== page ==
About the Libraries: Libraries and Centers: John Cotton Dana Library:
Peer Information Counseling Program: 2011-2012

It has been an exciting inaugural year for the Peer Information Counseling program (PIC), the student advisory group that began last year with three stellar members. Beginning with training with Bobbie Tipton, Wagner Alcivar, Nichol Perez, and Michael Jen were well-suited to then serve as teaching assistants in library instruction courses. In addition, you may have noticed them at the reference desk, where they honed their reference skills.

Beyond this, the PIC students have served as an advisory group on projects involving technology. They prepared reports, with their analyses of various online reference tools available to libraries, and are currently in the process of preparing a Powerpoint presentation of their findings. They also advised Dana on the role it should play in connecting with students through social media, providing valuable insight into the habits and interests of students with respect to the library.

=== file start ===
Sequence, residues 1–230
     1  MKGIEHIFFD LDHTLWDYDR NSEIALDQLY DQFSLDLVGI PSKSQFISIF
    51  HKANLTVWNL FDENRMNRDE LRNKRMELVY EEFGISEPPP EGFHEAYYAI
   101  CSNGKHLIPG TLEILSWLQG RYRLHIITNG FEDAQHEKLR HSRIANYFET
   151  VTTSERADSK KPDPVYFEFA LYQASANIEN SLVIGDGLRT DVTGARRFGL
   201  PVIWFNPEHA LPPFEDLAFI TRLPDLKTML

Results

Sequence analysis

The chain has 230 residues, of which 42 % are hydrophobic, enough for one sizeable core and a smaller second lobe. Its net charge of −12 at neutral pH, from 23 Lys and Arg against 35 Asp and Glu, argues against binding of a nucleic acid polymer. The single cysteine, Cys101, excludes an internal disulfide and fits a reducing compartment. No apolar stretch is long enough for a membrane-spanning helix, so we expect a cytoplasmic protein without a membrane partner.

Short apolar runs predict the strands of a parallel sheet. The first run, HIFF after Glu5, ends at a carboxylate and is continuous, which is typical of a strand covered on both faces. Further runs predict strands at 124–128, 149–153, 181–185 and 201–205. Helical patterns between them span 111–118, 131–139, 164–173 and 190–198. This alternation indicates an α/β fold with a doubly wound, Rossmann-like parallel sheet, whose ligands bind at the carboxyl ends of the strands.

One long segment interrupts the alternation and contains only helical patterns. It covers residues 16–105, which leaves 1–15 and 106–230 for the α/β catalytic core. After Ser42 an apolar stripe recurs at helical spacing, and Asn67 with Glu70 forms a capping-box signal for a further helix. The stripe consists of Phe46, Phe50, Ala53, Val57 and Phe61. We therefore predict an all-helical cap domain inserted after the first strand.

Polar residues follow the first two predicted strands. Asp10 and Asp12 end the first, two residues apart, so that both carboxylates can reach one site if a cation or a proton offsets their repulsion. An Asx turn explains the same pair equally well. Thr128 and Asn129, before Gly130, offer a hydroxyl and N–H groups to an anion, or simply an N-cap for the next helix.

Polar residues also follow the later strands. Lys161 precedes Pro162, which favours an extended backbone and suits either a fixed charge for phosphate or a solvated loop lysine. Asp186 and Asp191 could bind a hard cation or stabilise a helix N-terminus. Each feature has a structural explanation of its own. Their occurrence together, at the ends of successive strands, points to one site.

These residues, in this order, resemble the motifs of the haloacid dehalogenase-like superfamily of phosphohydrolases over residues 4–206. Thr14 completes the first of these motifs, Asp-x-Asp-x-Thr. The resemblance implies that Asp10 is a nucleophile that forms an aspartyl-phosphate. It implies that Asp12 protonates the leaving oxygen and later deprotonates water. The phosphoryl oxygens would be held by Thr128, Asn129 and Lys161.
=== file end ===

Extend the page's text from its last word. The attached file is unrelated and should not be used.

In the coming year the students plan to expand the projects on Dana's technology usage and interaction with students. The latest addition to the team, Swayzeen Medina, is excited to join the other peer counseling students. Swayzeen is a recent transfer student from Hudson Community College, where she graduated in 2011 with an Associate's Degree in Liberal Arts. She is a junior majoring in journalism and hopes to eventually become a reporter in broadcast news. Medina has an enduring passion for music: in addition to taking numerous music courses at Rutgers, she is also a member of the Rutgers University Chorus. At Hudson Community College, Medina was a library assistant and will combine her previous experience with her enthusiasm in joining the PIC team. She can be reached at swayzeen.medina@rutgers.edu.

These aren't the only changes in store for the PIC team. After a stellar year with the program, Wagner Alcivar will be moving on to another wonderful opportunity. He has been chosen for the Minority Biomedical Research Support (MBRS) program, which allows biomedical students to gain experience in the field by pairing them with professors who will serve as mentors.

It has been a great year and we hope to share more accomplishments with you in the time ahead.

Written by Merve Fejzula, Program Coordinator for the Diversity Research Center and the Peer Information Counseling Program. You can reach her at fejzula@andromeda.rutgers.edu. Swayzeen Medina's photograph was taken by Robert Nahory.

Swayzeen Medina
Swayzeen Medina.